I love the image of Jung sketching and painting away at this book in between seeing patients, creating curlicues or painting scrolls, all the while at his easel.
That’s the tale that a few of his entourage at the time have recounted of his creation of The Red Book.
Although Jung didn’t share exactly what he was doing, he encouraged the fundamental idea of respecting what the unconscious brings forth.
So the images that assailed him in the period just before the First World War find form in this book.
It’s amazing that anyone should have created a work of such beauty, in an early 20th century version of the medieval illustrators.
Many of these have now been scattered to all corners of the modern internet. The snake that breathes forth a tree, the ‘E’ that contains every smaller repetitious shapes, like self-reproducing crystals that could be thoughts or cells. And the dragon-headed caterpillar, its legs representing the feelers by which we understand the world.
What’s more amazing is that few are aware of its existence, still, even five years after its wider publication.
That’s probably because of the obscurity of the material, drawing on interactions between Jung himself and figures in his dreams and imagination that few will understand.
There’s the wise old man in the form of the guide known as Philemon. Then there’s the father and daughter pair Elijah and Salome, each vying for domination but eventually achieving some kind of balance with Jung’s consciousness.
The language is sometimes obscure, the ideas even more so. And if you’re not in the mood for it, the over-wrought emotionality is sometimes unbearable.
But at other times the insights are simply astonishing.
Why do men not see their stupidity? Stupidity is a daughter of the God. Therefore men cannot stop murdering since thus they serve the serpent of the God without knowing it. It is worth giving one’s life for the sake of serving the serpent of the God…not wanting to murder and die amounts to deceiving the God…the God grows strong through human murder.
Jung is horrified by these words of Philemon, but has to be reconciled with them, as they speak to the dead, and to a part of him.
But what marks the Red Book out as against most of his other works is its feeling aspect. The colour and sometime even lack of intellectual rigour makes it a very different beast from his Collected Works writings.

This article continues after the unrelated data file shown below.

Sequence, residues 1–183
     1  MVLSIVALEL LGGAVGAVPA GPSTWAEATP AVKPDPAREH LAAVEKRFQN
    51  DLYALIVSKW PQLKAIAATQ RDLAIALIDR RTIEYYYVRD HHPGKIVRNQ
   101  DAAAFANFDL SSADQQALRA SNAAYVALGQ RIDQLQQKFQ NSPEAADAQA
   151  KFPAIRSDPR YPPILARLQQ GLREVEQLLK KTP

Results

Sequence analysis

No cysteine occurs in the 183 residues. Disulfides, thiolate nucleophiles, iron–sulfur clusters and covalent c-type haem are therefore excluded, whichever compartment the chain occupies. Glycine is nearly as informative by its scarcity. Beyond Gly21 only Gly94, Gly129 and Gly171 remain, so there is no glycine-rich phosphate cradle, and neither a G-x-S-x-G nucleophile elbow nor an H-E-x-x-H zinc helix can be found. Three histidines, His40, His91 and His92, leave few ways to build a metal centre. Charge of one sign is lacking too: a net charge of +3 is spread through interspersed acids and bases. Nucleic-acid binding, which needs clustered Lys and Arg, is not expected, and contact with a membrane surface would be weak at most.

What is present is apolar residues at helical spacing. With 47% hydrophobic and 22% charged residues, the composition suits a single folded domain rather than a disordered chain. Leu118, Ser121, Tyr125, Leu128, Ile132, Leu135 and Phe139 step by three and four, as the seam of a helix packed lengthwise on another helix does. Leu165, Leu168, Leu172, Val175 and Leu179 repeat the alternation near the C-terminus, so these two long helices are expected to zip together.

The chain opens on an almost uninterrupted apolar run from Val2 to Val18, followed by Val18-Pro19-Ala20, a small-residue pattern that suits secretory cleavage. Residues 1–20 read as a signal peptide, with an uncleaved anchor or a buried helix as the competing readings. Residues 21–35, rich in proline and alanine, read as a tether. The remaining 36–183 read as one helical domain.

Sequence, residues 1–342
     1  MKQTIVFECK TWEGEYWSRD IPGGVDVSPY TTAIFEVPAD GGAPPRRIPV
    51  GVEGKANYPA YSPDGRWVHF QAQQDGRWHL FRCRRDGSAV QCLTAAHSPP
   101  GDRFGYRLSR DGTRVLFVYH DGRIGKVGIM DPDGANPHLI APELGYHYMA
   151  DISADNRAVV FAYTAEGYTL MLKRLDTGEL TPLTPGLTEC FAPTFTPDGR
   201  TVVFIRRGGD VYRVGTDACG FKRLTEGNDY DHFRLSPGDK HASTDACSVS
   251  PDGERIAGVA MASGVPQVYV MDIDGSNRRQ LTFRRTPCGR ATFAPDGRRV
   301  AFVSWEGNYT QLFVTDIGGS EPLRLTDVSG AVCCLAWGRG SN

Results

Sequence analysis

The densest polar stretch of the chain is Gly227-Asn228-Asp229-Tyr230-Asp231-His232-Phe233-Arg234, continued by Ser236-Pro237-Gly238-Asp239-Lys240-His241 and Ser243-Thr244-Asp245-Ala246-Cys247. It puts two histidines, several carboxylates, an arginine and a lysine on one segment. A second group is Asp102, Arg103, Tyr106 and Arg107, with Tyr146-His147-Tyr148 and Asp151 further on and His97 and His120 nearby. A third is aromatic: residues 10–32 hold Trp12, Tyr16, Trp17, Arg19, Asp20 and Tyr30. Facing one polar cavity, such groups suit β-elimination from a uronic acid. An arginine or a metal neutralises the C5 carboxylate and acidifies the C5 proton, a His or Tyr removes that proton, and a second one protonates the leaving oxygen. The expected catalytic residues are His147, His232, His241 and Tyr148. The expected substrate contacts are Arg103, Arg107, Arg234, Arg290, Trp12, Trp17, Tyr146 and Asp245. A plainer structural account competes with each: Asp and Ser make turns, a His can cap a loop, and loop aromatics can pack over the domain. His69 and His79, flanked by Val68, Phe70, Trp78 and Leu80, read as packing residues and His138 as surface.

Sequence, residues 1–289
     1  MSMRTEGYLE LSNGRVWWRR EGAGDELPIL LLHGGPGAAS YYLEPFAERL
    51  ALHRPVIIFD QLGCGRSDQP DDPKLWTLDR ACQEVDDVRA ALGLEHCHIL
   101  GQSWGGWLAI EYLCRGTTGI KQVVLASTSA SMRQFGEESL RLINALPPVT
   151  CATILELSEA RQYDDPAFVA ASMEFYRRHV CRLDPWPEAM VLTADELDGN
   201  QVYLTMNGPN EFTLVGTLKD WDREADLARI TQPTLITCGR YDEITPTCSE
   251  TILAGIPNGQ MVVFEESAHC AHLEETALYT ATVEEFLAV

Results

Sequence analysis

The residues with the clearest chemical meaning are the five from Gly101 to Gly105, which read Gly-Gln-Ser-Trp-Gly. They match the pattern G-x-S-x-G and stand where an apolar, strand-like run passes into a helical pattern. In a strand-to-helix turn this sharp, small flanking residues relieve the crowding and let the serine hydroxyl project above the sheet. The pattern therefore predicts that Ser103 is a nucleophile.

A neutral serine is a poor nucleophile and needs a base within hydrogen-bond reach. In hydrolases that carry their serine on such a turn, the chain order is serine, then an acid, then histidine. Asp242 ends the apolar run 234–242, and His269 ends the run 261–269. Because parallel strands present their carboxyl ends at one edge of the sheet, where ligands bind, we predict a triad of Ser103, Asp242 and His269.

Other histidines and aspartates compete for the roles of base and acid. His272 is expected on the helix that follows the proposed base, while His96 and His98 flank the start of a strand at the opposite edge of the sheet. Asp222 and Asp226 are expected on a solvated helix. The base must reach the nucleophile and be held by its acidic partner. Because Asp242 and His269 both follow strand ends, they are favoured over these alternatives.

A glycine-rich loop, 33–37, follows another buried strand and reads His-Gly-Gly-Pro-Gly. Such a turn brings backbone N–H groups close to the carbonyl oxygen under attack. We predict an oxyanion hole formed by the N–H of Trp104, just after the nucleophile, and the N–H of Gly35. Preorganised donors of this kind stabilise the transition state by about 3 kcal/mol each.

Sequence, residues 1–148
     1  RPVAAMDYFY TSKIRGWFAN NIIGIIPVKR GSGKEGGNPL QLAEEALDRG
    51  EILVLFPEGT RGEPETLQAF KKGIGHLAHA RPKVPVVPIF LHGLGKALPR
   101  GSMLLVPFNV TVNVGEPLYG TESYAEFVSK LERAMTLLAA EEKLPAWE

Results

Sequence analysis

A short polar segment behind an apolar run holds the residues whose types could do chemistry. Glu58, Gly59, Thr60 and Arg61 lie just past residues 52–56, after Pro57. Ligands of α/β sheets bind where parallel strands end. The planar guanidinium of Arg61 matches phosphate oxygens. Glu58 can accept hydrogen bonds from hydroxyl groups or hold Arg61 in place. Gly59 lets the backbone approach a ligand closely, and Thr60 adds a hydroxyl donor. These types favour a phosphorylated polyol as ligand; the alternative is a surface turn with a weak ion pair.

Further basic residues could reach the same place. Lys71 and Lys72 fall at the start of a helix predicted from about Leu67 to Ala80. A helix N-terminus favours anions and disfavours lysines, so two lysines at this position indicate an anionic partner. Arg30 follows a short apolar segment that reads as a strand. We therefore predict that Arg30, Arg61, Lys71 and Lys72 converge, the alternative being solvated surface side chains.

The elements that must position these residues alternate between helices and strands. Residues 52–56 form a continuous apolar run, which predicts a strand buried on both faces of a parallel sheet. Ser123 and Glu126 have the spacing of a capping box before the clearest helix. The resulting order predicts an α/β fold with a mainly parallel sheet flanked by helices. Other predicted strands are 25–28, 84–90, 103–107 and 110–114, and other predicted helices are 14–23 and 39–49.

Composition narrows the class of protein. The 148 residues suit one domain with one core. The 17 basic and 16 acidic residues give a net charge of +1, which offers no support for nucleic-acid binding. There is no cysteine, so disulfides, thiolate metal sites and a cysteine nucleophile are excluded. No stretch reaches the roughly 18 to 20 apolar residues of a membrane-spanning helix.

…the image that I saw was crimson, fiery coloured, a gleaming gold. The voice I heard was like distant thunder, like the wind roaring in the forest, like an earthquake…
This is a floundering, non-structured descent into the unconscious. And the figures that emerge – in this case Elijah – will colour all of his writings from then on. As the new volume has in its inner pages: “The years of which I have spoken to you, when I pursued the inner images, were the most important of my life. Everything else is to be derived from this.”
So you could simply just look at the amazing images, stunning in their execution and ideation.
Or – and this is a much longer task – get to grips with the figures about whom he writes, which will inform you about your own internal conversations and relationships.
One other thing: I like the sound of Cary de Angulo (later Baynes), someone who I’d never come across before in relation to Jung.
Discussing the Red Book and whether Jung should publish it is recorded in Cary’s diary on 2 October 1922:
Then you said you had thought of making an autobiography out of it. That would seem to me by far the best, because then you would tend to write as you spoke which was in a very colourful way. But apart from any difficulty with the form, you said you dreaded making it public because it was like selling your house. But I jumped upon you with both feet there and said it wasn’t a bit like that because you and the book stood for a constellation of the Universe, and that to take the book as being purely personal was to identify yourself with it which was something you would not think of permitting to your patients … Then we laughed over my having caught you red-handed as it were.
She transcribed part of The Red Book and is mentioned in Sonu Shamdasani’s lengthy introduction. Cary seems devoid of the sycophancy of many of Jung’s followers, as well as the spite of his enemies. I’m going to research her life/work more I reckon.
But even more I intend to look at the figures in my own mind. That will be a huge task, but a lasting effect of this incredible work.